Preventing substance misuse: randomised controlled trial of the Strengthening Families Programme 10-14 (UK)


Acronym
SFP 10-14 (UK)
Lead investigator
Prof. Simon Murphy, Cardiff University
Background

The use of alcohol, tobacco and illegal drugs by young people impacts on their health in the short and long term, and is also associated with anti-social behaviour, crime and dropping out of school. Many of the factors which protect young people from misusing drugs and alcohol, or put them at greater risk of doing so, are linked to family life and parenting.

The Strengthening Families Programme 10-14 (UK), SFP 10-14 (UK), aims to strengthen these protective factors (parenting, family communication, and young people’s resilience skills) and simultaneously reduce key risk factors that are located within families.

Research in the United States has found some evidence that the SFP 10-14 delays and reduces substance use (alcohol, tobacco and illegal drugs) by young people.

Aims & objectives
To ascertain the impact of the Strengthening Families Programme 10-14 (UK) - SFP 10-14 (UK) - on alcohol and drug misuse, and smoking behaviour in adolescents, and to answer a number of questions regarding other impacts of the SPF10-14 (UK): What impact does the SFP10-14 (UK) have on school performance, and mental health and well-being? What impact does the SFP10-14 (UK) have on protective factors for alcohol and tobacco use/misuse located in the family, such as family functioning, parenting and young people's peer resistance skills? What are the costs associated with the SFP 10-14 (UK) and to what extent can it be regarded as an efficient use of public funds? How can SFP 10-14 (UK) best be implemented and is there important variation in delivery and receipt? This study is conducted on behalf of the Welsh Government to examine its potential as a national programme for Wales. This study will examine whether the results found in the US translate to a UK context, and will also address the methodological limitations of previous studies. It will identify whether the programme delays or reduces substance use, and collect information that will help in wider implementation of the programme if successful.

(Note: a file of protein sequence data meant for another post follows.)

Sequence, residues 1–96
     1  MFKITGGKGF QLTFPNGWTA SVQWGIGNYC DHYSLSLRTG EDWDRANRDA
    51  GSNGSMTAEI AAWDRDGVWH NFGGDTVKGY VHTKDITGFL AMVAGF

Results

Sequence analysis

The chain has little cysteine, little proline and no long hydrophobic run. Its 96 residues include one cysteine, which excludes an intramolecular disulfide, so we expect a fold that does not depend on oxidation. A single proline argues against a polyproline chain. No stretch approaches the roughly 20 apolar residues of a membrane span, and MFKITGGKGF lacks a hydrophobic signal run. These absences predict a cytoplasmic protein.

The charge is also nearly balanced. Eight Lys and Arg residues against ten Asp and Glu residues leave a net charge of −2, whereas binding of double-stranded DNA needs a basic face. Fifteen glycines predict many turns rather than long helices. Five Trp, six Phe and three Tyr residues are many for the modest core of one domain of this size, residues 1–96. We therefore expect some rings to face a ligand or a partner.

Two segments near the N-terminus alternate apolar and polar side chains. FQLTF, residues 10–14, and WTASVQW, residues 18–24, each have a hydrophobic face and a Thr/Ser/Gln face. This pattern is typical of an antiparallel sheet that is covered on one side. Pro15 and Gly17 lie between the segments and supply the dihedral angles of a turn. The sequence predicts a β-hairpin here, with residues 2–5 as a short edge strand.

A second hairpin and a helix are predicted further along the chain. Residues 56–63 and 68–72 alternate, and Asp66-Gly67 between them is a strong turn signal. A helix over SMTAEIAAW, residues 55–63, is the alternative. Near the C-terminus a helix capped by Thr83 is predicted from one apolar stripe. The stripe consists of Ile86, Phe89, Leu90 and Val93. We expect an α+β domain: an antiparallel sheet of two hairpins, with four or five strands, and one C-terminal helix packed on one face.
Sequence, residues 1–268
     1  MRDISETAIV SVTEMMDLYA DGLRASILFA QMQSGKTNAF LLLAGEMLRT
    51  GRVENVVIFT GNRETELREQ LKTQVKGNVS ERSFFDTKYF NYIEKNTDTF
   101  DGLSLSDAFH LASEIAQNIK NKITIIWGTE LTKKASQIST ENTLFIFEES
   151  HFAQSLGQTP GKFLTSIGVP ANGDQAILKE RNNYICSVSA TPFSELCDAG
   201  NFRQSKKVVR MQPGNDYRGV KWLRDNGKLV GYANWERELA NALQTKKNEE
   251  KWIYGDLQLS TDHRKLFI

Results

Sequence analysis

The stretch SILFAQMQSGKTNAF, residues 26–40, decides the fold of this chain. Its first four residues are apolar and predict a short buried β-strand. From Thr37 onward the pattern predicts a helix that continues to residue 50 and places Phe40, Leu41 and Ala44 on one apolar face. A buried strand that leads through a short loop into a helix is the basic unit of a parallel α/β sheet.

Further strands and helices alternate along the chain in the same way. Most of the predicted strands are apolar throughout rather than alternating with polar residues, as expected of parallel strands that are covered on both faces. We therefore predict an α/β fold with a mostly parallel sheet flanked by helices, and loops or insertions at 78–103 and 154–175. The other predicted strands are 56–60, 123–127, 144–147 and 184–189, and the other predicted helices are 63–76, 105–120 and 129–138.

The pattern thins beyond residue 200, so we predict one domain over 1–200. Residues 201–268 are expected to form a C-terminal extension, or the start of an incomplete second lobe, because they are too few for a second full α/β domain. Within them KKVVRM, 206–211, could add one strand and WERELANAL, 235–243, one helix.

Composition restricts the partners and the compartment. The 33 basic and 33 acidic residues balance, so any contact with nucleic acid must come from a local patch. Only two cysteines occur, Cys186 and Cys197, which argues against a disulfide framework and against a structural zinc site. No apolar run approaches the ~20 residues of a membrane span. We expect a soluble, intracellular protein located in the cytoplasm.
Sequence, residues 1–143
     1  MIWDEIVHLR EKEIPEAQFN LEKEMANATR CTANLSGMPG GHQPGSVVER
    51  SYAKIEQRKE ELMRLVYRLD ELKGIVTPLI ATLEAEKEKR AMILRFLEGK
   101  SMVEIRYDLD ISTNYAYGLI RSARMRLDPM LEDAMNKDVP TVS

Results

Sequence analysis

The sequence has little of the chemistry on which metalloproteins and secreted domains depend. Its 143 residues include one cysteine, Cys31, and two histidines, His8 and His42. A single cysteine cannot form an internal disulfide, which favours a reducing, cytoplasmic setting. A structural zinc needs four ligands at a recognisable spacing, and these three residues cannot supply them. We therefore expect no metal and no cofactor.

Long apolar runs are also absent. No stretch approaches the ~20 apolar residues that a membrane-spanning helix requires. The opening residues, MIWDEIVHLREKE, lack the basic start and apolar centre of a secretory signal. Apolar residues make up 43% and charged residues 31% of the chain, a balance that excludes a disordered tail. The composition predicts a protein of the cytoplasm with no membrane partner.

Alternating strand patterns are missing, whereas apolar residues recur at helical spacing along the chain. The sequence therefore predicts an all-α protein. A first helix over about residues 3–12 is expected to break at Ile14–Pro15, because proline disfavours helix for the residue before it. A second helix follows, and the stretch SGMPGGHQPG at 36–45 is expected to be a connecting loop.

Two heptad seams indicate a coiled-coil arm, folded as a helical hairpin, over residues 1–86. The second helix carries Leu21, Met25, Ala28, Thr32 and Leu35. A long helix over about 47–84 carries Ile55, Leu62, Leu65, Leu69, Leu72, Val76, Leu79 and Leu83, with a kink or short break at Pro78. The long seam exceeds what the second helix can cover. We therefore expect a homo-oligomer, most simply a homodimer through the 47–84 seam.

Study design

Pragmatic RCT with families as the unit of randomisation, with embedded process and economic evaluations.

Participating families will be randomised to one of two treatment groups:

  • Control group: Receives usual care with full access to existing services and a minimal information leaflet;
  • Intervention group: Receives the SFP 10-14 (UK) programme in addition to usual care.

SFP 10-14 (UK) is being implemented as part of the trial in seven areas of Wales. Each area will run the programme on 6 – 10 occasions over an 18 – 24 month period, with 8 – 10 intervention families per programme.

SFP 10-14 (UK) is a seven-week intervention. In each session there is an hour during which parent sessions and young people sessions are conducted separately, followed by a second combined family hour. Typically, the first hour focuses on skills (e.g. peer resistance for the young people, parenting for the parents), with the second hour designed to enable parents and young people to focus on communication skills, recognise family strengths, and practice skills covered in the first hour.

Nine month follow-up data collection commenced October 2010. 15 month follow-up data collection commenced May 2011.

Further information & publications
Start date
September 2009
End date
June 2014
Funders
Amount
£2,144,954
Trial register number
ISRCTN63550893